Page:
Explosive VC funding growth in the cannabis industry
Venture capital investment in the cannabis industry has exploded this year, as more investors seek to reap the same rewards in early-stage pot companies as some of their peers have enjoyed on capital markets.
Venture capital funding in the global marijuana space totalled US$235.7 million in the first three quarters of this year, compared to just US$47.9 million in the same period in 2017, according to data provider Refinitiv. In fact, the investment in cannabis venture capital so far in 2018 represents more than half of the total global investment in marijuana over the past five years, the data showed.
“We really stumbled onto cannabis,” said Everett Knight, portfolio manager at Calgary-based Matco Financial Inc., which manages about $500 million in assets. “Now, I think we’re in the second inning of a long-term growth industry.”
But venture capitalists aren’t looking to spend their seed capital in cannabis producers, many of which have already tapped capital markets and seen valuations reach bubble-like heights. Instead, they’re focusing on cannabis’s ancillary industry, a segment that includes software development, extraction technology, testing firms, retail franchises and other companies that don’t “touch” pot but work with it across the supply chain. The potential could be massive as the market for cannabis products and services is valued between $7.8 billion and $13.9 billion, according to a 2016 report released by Deloitte.
The attention coming from the VC sector doesn’t surprise Matt Shalhoub. The managing director of Green Acre Capital has been keeping a close watch on the industry since 2013 when Ottawa started the process to legalize recreational cannabis.
Now, Shalhoub’s Green Acre Capital closed its second venture capital fund earlier this month valued at around $75 million with a mandate to invest in more than a dozen cannabis companies. That’s built off the success of his first fund that he closed just over a year ago – a $25 million fund that made 13 investments, including in Tokyo Smoke. The marijuana lifestyle brand is owned by Hiku Brands Co. Ltd., which was recently acquired by Canopy Growth Corp.
“This space has been largely financed by high-net-worth individuals so far and over time that’ll change to more sophisticated private capital,” Shaloub told BNN Bloomberg in an interview. “All the capital in this space has so far been in the cultivation of this product. There’s a misalignment of capital and there’s been so much money made by these producers financed by public markets. Now, there’s another part of the market that needs financing.”
Canopy Rivers Corp., the venture arm of Canopy Growth, has roughly $200 million in capital to spend on early-stage investments following its reverse-takeover last month that raised about $100 million on the TSX Venture Exchange. Narbe Alexandrian, vice president of business development for Canopy Rivers, told BNN Bloomberg that he gets pitched about 75 to 80 cannabis companies to invest in monthly.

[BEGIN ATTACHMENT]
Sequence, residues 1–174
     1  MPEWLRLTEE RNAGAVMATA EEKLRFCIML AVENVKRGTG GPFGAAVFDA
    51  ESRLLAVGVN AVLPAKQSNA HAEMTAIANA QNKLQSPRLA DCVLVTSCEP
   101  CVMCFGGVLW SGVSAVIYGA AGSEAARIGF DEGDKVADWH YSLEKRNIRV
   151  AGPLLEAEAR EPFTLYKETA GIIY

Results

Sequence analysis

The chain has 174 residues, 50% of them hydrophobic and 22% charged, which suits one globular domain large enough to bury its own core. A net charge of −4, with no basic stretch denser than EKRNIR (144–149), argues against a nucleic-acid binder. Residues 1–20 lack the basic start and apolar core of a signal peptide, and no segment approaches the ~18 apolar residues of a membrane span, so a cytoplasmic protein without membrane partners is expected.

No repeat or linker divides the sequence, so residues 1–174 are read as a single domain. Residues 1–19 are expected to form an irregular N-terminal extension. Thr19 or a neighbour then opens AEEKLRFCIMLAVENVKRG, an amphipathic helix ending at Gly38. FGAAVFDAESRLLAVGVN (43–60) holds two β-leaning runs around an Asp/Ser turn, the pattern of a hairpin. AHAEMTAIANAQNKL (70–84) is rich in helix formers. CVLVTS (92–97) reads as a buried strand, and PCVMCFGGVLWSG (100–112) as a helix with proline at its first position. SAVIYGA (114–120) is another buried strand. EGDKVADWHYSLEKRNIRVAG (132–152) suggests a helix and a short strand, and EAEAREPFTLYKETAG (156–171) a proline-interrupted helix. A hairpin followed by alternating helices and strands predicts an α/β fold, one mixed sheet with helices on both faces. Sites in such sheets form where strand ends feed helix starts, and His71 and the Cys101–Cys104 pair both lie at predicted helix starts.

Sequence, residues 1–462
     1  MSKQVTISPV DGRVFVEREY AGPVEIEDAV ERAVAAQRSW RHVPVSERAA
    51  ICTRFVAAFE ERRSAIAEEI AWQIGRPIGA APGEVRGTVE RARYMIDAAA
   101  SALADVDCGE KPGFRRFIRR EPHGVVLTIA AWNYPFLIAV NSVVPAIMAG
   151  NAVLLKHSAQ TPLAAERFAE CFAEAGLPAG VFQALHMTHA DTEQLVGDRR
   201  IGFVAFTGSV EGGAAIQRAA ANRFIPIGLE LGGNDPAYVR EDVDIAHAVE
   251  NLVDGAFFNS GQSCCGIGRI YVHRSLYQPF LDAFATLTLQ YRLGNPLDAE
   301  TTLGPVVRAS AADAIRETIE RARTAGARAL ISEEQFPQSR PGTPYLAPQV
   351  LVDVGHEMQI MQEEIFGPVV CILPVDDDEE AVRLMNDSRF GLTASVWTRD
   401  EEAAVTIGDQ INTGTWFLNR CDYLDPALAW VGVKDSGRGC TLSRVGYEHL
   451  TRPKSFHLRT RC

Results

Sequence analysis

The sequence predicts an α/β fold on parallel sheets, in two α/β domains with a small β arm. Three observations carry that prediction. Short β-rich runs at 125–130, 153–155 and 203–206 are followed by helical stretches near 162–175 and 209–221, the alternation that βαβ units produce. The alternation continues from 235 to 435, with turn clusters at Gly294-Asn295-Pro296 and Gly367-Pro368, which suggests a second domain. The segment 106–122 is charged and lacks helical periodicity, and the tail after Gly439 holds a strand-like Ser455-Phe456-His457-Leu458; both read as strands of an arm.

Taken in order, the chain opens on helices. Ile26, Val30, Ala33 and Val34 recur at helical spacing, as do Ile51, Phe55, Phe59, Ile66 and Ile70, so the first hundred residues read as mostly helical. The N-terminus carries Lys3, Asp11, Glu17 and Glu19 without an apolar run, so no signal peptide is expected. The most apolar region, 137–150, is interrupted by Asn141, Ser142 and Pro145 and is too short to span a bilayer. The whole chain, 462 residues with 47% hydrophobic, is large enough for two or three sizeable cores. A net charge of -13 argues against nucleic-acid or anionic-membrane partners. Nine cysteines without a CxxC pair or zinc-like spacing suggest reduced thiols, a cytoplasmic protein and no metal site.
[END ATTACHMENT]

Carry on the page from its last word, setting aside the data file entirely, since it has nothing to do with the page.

“Our focus is to own the entire value chain,” he said. “Everything from cultivation, all the way up to sales and to help customers know what to buy next.”
Alexandrian, who came to Canopy Rivers after helping run OMERS Ventures – the venture arm of the Ontario Municipal Employees Retirement System fund – said the current opportunity closely resembles the Canadian technology space a decade ago. Companies are eagerly looking for investment opportunities between $5 million to $20 million, despite the high risk associated with the cannabis industry, Alexandrian said.
“Just like technology was in 2010, there isn’t a lot of money going into the cannabis space right now,” Alexandrian said. “Most of these companies aren’t bankable yet because [cannabis] hasn’t been legalized yet and all the banks are shying away from it right now.”
The potential to tap into early-stage cannabis firms is attracting traditional players, such as Matco Financial. It recently started the $15-million Matco Cannabis Investment Fund to invest in privately-run and publicly-traded cannabis companies.
“It’s just the tip of the iceberg,” Matco’s Knight said in an interview with BNN Bloomberg.
Knight said his recent interest in investing in early-stage cannabis companies is mostly focused on pot testing labs. That segment is expected to emerge as a very lucrative segment of the ancillary market as the amount of pesticides producers will have to test is set to nearly double due to Health Canada regulations.
“These testing companies are going to be doubling revenue overnight,” Knight said. “Investing in cannabis is a once-in-a-lifetime opportunity. But to find that real opportunity, you really need to look at the private space. Most of those companies aren’t in the public markets yet.”
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